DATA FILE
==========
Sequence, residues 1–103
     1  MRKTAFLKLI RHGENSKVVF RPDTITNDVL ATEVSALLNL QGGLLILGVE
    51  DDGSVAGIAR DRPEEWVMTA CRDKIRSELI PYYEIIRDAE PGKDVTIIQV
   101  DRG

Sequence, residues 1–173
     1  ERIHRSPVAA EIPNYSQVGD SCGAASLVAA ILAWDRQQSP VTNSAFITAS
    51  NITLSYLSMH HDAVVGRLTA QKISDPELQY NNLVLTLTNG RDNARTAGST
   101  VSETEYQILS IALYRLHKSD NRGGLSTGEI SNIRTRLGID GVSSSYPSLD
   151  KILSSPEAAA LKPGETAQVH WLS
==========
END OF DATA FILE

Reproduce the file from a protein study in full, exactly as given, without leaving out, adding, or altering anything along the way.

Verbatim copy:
Sequence, residues 1–103
     1  MRKTAFLKLI RHGENSKVVF RPDTITNDVL ATEVSALLNL QGGLLILGVE
    51  DDGSVAGIAR DRPEEWVMTA CRDKIRSELI PYYEIIRDAE PGKDVTIIQV
   101  DRG

Sequence, residues 1–173
     1  ERIHRSPVAA EIPNYSQVGD SCGAASLVAA ILAWDRQQSP VTNSAFITAS
    51  NITLSYLSMH HDAVVGRLTA QKISDPELQY NNLVLTLTNG RDNARTAGST
   101  VSETEYQILS IALYRLHKSD NRGGLSTGEI SNIRTRLGID GVSSSYPSLD
   151  KILSSPEAAA LKPGETAQVH WLS